The bathroom window had ice inside. Not frosted, frozen. I could see my dragon breath as I stood holding my shrivelled billy. In Brynaman, boys had billies, girls had peggies. It was best to have a steaming pee now, as my billy would soon be buried under layers of clothing with little hope of rapid relief should the need arise.
The snow in drifts was higher than my four year old head and my mother swaddled me tight in all the wool in Wales before I was allowed out to play in it. My scalp twitched at the mere sight of my knitted brown balaclava. It worked as a kind of time constraint on play time - you could only stay out for as long as you could stand the itching. The legs of my trousers had been wrapped around my shins and my long grey socks pulled over to allow reasonable comfort inside my welly boots. My mittens were tucked into the cuffs of my duffel coat and the toggles done up over my arran. I resembled a small, woolly deep sea diver as I eventually stepped outside into pristine, blinding whiteness.
The world was softer but crisper too. I was too excited to take it all in. The crumpy snow bobbled on my mittens as I attempted to make snowballs to throw at the stiff as board towels on the neglected washing line. I inspected the minutely detailed pattern of my boot prints that meandered behind me, their varying depths revealing the contour of the ground hidden beneath, the odd clump of grass or earth showing through to kill the lie that the world had changed forever. Trees sagged and taller plants had bowed down under the weight of snowflakes to form domes around the path borders.
It began to snow again and I tipped my head back to get the full thrilling rush of the flakes landing on my face. I felt like I was zooming upwards into the yellow sky.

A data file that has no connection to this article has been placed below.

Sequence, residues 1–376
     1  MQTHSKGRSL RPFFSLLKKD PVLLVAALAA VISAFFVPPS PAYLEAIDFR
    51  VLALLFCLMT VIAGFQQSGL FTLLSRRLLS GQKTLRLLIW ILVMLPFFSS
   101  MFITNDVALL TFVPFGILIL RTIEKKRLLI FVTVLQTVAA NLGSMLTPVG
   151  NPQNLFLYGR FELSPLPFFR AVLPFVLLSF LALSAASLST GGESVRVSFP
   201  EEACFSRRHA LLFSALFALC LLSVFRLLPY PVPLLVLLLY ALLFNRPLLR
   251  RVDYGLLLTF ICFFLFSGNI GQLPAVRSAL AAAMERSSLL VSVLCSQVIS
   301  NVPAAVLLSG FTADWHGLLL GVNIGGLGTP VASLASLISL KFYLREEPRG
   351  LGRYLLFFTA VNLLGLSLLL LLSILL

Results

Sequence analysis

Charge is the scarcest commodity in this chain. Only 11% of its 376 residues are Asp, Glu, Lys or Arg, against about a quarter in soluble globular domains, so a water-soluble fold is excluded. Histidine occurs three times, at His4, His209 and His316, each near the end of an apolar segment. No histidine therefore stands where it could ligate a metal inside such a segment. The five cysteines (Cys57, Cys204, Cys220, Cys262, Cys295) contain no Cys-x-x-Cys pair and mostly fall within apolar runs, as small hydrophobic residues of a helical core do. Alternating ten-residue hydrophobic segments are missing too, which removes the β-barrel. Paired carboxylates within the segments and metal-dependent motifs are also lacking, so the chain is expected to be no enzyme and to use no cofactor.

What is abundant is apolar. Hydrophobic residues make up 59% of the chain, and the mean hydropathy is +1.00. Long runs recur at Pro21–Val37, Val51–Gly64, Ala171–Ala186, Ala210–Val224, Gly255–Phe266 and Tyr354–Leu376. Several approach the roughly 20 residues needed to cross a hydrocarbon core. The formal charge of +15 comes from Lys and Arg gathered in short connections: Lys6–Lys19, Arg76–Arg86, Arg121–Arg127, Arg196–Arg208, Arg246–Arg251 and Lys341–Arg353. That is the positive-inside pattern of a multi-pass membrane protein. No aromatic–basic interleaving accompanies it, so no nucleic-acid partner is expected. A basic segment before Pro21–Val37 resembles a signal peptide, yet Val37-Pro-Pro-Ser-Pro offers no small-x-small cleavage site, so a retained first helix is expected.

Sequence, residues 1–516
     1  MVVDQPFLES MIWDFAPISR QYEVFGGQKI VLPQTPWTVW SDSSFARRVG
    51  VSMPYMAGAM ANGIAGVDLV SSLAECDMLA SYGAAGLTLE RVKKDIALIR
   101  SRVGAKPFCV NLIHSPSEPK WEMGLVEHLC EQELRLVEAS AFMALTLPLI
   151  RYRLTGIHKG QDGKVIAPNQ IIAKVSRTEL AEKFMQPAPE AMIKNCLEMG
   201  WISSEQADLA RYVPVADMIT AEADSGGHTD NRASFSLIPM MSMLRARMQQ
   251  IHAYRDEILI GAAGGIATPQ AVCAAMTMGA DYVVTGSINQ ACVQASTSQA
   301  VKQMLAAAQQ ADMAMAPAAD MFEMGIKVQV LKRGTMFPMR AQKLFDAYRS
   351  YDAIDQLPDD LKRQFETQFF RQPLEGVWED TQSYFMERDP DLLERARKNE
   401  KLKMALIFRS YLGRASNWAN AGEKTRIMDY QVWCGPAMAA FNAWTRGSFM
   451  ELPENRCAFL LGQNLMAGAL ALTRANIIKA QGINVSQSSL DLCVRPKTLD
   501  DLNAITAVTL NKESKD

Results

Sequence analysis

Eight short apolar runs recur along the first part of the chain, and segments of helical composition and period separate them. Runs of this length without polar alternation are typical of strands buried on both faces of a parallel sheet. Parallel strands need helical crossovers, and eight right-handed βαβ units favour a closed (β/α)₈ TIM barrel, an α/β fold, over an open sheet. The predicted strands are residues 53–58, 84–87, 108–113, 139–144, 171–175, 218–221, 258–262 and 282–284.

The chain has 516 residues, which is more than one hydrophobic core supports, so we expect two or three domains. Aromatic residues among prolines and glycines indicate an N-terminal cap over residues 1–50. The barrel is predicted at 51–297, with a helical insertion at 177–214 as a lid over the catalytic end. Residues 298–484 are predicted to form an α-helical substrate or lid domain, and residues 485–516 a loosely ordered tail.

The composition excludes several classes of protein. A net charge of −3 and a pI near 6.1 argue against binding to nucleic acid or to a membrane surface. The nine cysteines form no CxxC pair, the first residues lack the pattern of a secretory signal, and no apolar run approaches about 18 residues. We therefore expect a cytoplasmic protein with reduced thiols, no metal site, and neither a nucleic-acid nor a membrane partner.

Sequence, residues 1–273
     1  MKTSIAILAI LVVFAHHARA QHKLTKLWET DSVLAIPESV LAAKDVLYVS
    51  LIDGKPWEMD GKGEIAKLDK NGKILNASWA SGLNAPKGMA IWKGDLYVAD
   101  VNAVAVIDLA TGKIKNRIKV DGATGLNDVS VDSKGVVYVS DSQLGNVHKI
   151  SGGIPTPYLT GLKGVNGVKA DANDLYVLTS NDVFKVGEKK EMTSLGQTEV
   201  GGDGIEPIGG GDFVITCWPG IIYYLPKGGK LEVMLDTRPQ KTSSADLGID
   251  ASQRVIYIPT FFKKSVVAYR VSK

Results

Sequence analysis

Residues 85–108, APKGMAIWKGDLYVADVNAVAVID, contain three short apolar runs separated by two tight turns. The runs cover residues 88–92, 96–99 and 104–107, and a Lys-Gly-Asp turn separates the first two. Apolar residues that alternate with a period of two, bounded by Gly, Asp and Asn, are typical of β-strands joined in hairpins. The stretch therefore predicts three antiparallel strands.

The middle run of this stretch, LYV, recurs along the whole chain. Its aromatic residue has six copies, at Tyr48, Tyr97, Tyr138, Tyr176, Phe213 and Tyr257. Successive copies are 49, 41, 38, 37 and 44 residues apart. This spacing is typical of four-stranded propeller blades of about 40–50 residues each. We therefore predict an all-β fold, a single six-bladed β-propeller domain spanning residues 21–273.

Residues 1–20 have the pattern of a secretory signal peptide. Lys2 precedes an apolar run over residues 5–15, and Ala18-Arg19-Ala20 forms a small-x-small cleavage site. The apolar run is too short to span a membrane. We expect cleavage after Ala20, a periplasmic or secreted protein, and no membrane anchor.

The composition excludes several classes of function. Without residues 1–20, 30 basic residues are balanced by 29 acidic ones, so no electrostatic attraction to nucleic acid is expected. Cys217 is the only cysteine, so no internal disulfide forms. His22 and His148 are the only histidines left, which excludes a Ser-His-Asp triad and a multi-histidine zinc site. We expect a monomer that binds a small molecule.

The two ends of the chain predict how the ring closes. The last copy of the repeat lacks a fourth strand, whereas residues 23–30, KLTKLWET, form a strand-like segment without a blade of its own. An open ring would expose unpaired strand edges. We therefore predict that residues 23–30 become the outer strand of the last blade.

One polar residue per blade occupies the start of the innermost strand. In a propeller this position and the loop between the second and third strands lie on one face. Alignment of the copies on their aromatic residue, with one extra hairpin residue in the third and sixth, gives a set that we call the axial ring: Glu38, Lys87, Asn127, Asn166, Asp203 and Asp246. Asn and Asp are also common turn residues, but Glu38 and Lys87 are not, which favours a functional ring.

I heard cries and laughter from the muffled street outside my house and stumped off to investigate. At the top of the front garden I paused to curl my mitten into a telescope and squinted through it. In the middle of the carless road I spied a selection of little colourful astronauts, Michelin men and Scotts of the Antartic that were gathered around a major undertaking requiring leadership, teamwork and resolve. Their excited eyes shone like milk bottle tops in the flat light as they began making a giant snowman.
Wendy Rees was in charge as I joined the knot of bodies. I was shown how to make a snowball and start rolling it around on the undisturbed snow to make it grow. Once it was big enough you only rolled it one way to make an ever increasing cylinder of impacted snow. It was hot, puffy work in the constraint of all that wool. Rolling the cylinder took me away from the group, up the road towards Gwyn Fly’s drive. Tracy Thomas ran over to help me turn the mass of snow I’d gathered and we rolled it back to the group of steaming workers.
With a heave - heave - ho we raised it to the vertical but it was too big for us to lift on top of the first couple of cylinders they’d made. Dai North was out clearing his path and could see us struggling so he came over and lifted the mass with his twinkling smile and plonked it on top. Roberta had made a giant round snowball for the head by now and he hoiked that up for us too. We stood back reverentially to admire our work, vowing to complete it later with cadged bits of precious coal and some twigs for eyes, buttons and arms.
But now my scalp inside the balaclava had developed an insatiable itch too keen for soggy mittened hands and I turned clumsily in my wellies and ran home to get relief. My lungs burned with the sharp air, and my cheeks, the only flesh exposed, had gained a whole rose garden with the effort of keeping me temperate inside my swaddling.
My mother welcomed me with a Take your blinking boots off! as I tore at my damp layers to put them to steam over the squeaky bar of the lava hot Rayburn. She scolded me for dripping on her nice clean lino while boiling water to make cocoa, half and half, while I crazily scratched my head - a glazed look of pleasure on my face.
The love poured into the cocoa evened out the chagrin from the telling off.
The snowman we later completed stood impressively in the middle of the street for a whole week before the improving weather and a drop of rain saw it merge back into the elements.
We learned some new swear words every morning when the milkman stopped his float in front of the frozen sentinel and had to carry his crates down to the end of the street. He could have easily bulldozed it over but was too nice a man to do that to us kids.
Mind you, he was probably terrified of our mums too.